Release Date – 30th July 2021, Cert – 12, Run-time – 1 hour 43 minutes, Director – Ben Sharrock
A group of asylum seekers try to make their way in a remote area of Scotland, unsure as to whether they will be granted asylum or not, or what is happening to their families back home.
Writer-director Ben Sharrock reveals an admirable talent for creating comedy within tragedy and uncertainty. He follows a group of asylum seekers, unsettled, waiting for asylum approval, in a remote part of Scotland. Particularly we see the world through the eyes of Omar (Amir El-Masry), trying to make his way as a musician while his parents are in Istanbul and his brother potentially still in Syria. Living in a cramped, undecorated house with fellow asylum seekers worried that they won’t be allowed to live in the UK. Reflecting their home, and their reluctance to properly settle, the village they’re placed into is almost empty. Empty of life, decoration, entertainment or proper help, like a dilapidated off-the-map Royston Vasey. Even the local shop – with one, monotone member of staff reminding people to “please refrain from urinating in the freezer aisle” – seems empty of produce, specifically the spices that Omar is looking for.
A local centre holds meetings for all the asylum seekers in the area. Each one scared, worried and fearing about their future. Not helped by the cringe-inducing leaders of the group Helga (Sidse Babett Knudsen) and, particularly, Boris (Kenneth Collard). Both of whom are trying to teach the group the basics of living in the UK, being emotionally open and practicing job interview techniques. However, when everyone has been in the titular limbo for so long the energy vanishes from the room. They sit huddled together in the echoing room, being subjected to citizenship classes, and the slightly more bearable plastic chairs. In true darkly tragic comedy one member of the group admits “I used to be happy before I came here. I used to cry myself to sleep every night, but now I don’t have any tears left”. It’s a line that would fit right in with an emotional drama on the same subject, but induces tears of laughter, with a layered impact, that like many other jokes still have you chuckling minutes later.
On a number of occasions the slightly absurd, yet all too real, humour does have a slight air of a Taika Waititi film about it. Finding humour in loneliness and the isolation of characters, outsiders from the rest of the world, trying to find their place. There’s a bond formed with Omar and his fellow asylum seekers, not just because of the laughs that the actors, and screenplay, help to produce, but because of the heart and understanding that the film emits and allows the viewer to connect with. Amongst all of this there’s plenty of laugh-out-loud tear-inducing moments. Admittedly such happenings somewhat vanish in the second half of the film as the drama takes centre stage. This works well and makes for an engaging story thanks to the characters, and makes a difference from the dips in and out in the first half of the film, but it feels as if the humour has almost been abandoned. You do slightly wish you could see more mishaps with a stolen chicken in the household, or at least a bit more lightness for balance within this generally different tone.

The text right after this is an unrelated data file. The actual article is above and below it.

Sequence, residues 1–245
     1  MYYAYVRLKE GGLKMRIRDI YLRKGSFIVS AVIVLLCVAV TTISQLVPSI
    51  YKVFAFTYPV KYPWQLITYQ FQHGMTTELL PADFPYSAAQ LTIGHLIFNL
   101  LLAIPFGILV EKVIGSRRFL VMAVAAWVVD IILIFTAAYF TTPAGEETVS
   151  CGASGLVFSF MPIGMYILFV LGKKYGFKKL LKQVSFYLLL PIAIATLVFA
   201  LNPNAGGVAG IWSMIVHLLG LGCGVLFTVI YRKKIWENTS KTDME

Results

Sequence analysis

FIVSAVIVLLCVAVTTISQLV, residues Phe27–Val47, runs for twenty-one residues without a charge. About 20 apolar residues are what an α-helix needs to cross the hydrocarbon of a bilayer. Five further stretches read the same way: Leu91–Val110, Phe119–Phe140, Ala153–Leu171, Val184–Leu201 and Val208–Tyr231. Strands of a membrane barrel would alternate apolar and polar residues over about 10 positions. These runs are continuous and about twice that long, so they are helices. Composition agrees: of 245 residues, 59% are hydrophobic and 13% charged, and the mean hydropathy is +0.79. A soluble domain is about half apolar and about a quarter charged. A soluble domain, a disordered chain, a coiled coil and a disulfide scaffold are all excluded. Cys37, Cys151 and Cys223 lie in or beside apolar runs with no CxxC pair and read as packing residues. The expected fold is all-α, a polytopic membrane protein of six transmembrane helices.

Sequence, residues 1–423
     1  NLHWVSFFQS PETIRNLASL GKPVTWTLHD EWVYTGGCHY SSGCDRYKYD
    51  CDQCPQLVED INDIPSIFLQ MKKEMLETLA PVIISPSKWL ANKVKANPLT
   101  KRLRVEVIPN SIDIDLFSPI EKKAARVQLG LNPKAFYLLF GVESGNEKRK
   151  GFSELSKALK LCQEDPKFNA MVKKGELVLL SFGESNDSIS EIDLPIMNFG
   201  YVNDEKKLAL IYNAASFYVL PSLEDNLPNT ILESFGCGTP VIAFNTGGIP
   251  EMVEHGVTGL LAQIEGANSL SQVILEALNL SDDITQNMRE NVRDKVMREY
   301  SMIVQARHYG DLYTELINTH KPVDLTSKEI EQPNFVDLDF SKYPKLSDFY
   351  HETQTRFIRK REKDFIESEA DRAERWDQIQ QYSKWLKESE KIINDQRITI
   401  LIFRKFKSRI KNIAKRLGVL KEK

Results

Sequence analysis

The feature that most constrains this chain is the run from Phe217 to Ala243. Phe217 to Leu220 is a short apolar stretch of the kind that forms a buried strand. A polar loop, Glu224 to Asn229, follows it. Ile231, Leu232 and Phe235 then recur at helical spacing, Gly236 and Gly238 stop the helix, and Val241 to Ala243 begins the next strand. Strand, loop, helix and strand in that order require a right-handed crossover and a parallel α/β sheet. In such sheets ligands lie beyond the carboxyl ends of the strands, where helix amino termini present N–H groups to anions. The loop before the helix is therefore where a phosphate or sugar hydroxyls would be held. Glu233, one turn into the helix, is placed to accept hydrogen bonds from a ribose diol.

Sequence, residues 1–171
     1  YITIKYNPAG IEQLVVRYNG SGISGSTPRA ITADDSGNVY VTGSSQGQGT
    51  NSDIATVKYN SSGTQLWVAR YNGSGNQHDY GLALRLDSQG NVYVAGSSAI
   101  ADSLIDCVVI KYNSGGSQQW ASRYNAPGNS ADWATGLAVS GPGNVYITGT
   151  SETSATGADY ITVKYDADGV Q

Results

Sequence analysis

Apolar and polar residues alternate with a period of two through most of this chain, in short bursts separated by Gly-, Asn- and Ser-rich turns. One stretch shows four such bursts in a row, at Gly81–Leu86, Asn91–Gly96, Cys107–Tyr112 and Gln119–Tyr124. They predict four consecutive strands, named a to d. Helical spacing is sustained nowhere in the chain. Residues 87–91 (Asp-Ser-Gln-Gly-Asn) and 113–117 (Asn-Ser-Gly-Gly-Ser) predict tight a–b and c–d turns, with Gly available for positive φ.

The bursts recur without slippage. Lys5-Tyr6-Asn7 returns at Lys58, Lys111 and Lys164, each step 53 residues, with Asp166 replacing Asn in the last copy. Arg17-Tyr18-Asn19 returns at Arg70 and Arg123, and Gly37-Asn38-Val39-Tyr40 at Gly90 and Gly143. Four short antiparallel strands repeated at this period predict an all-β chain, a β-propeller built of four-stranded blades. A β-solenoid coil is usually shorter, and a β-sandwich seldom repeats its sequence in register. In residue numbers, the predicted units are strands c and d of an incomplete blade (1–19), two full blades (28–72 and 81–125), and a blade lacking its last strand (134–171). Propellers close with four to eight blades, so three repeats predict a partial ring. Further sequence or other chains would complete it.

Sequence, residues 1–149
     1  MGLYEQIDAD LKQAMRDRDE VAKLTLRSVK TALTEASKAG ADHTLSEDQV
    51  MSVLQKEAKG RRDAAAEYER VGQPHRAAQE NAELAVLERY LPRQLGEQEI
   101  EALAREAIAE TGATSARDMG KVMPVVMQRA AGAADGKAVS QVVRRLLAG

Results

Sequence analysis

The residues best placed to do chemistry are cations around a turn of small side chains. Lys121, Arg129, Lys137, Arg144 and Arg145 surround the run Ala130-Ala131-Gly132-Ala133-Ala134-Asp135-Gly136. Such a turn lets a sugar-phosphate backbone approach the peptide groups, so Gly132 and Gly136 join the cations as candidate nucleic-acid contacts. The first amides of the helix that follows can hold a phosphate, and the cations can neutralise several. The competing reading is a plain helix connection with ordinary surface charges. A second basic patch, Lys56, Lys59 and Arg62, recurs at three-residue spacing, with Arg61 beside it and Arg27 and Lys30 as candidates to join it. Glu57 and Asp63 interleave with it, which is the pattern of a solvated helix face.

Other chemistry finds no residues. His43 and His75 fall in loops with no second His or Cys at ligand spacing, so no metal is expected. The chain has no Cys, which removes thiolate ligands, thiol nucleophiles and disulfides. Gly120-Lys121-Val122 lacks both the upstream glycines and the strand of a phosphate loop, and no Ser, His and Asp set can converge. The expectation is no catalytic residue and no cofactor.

However, even throughout the more present drama there’s still plenty of heart and warmth towards the characters. Consideration towards their situation and an emotional understanding with their thoughts and feelings. It comes through in layered performances that match a screenplay that has plenty of comedy which also doubles as tragic emotion of people lost within a spiralling system of uncertainty and fear. There are plenty of different things that can be taken away from Limbo, all thanks to Ben Sharrock’s careful exercising of his themes and ideas, alongside thoughtfulness for his characters and the situation that they find themselves in, in the middle of nowhere. It’s a fine subversion of tragedy into comedy, and there’s plenty of laughs to be found within Limbo, while not forgetting the fear and worry that runs through the people facing the lengthy asylum system.
Hilariously turning tragedy into comedy Limbo never forgets it’s heart and understanding of its characters, the humour may drop in the second half, but the drama is certainly still effective and provides more to the layered meanings and impacts of many lines of dialogue beforehand.